Learning genetic risk for Alzheimer’s may not be so distressing

Cognitively normal adults who learn that they are at high risk for developing Alzheimer’s disease do not, as some clinicians fear, spiral downward into depression, anxiety, or distress, investigators reported at the Alzheimer’s Association International Conference 2013.

An analysis of data from three randomized trials testing the effects of genetic testing disclosure found that that cognitively normal adults who learned that they were homozygous for the high-risk apolipoprotein E epsilon-4 allele (APOE epsilon-4) had a spike in test-specific distress score until about 6 months after learning the results but returned to levels similar to those of heterozygous carriers, reported Dr. Jason Karlawish, Associate Director of the Penn Memory Center, and his colleagues.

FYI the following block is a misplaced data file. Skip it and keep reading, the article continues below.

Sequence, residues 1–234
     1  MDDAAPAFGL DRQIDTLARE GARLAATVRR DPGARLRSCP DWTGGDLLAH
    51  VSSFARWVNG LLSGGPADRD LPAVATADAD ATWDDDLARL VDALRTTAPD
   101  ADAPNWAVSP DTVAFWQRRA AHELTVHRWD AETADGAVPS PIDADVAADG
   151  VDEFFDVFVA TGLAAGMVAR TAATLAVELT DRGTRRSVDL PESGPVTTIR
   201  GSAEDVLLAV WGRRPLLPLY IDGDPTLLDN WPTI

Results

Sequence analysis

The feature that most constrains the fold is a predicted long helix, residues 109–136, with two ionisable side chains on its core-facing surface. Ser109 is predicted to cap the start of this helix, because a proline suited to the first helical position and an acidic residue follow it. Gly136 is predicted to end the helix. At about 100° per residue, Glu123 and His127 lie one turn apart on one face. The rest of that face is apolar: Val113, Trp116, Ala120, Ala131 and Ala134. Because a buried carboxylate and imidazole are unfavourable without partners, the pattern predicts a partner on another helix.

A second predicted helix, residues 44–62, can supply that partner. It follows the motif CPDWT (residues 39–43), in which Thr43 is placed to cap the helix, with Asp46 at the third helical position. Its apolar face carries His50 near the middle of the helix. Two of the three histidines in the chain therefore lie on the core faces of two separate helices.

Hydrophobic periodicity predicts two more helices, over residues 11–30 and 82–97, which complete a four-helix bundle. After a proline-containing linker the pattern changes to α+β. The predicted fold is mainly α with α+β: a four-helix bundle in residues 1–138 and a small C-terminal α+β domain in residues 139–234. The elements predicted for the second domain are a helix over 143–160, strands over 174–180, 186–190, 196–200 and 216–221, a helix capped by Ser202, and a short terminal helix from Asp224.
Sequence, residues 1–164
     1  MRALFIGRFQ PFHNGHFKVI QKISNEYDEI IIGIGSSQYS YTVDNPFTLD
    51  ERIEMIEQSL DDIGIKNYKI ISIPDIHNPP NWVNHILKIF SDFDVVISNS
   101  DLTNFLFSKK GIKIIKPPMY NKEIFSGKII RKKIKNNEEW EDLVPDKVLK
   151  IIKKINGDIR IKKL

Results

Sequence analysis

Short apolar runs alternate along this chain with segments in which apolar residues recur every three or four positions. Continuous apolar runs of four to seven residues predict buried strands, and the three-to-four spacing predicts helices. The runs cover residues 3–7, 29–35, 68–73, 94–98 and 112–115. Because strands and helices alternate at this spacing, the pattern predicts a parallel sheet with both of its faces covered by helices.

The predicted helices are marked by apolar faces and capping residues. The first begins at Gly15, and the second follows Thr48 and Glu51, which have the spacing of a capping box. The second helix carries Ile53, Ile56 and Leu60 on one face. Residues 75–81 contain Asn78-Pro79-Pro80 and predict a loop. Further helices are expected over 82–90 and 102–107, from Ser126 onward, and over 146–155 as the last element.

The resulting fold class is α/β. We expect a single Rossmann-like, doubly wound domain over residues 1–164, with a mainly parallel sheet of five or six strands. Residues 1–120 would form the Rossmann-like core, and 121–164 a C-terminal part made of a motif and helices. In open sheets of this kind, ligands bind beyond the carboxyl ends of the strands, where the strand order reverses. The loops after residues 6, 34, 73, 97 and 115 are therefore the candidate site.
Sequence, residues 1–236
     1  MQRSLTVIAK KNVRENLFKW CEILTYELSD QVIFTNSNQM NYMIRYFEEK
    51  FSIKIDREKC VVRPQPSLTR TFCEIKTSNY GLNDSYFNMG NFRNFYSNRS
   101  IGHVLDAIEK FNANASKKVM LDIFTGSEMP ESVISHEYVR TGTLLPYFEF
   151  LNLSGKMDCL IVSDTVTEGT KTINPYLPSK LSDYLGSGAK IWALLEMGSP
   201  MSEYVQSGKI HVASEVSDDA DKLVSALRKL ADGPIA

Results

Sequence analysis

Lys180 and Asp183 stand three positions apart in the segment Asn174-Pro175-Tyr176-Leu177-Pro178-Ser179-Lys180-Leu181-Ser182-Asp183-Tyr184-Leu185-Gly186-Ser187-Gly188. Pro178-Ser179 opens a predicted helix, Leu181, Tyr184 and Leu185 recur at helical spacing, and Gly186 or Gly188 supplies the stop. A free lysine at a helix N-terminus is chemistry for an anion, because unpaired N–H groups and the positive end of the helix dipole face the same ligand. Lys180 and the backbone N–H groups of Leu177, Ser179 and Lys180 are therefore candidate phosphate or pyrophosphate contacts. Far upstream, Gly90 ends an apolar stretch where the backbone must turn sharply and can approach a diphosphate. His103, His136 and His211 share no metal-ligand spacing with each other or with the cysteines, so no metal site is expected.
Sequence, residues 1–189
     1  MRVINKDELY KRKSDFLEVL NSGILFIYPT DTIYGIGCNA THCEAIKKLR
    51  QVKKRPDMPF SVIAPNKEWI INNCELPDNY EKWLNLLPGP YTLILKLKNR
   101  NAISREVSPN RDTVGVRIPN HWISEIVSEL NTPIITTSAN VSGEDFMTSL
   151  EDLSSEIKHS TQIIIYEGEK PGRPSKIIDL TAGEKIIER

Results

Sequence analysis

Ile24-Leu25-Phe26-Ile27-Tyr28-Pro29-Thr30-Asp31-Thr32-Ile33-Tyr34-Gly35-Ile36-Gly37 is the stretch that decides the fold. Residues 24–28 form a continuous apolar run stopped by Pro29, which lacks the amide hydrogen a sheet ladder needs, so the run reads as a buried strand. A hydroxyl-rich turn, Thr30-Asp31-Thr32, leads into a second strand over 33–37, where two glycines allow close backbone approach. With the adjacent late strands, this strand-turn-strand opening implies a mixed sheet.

“While there is no question that learning that you’re at higher risk causes some test-specific distress, this further validates that there is no long-term, sustained psychological distress,” Dr. Karlawish said in an interview with Clinical Neurology News. Read more here

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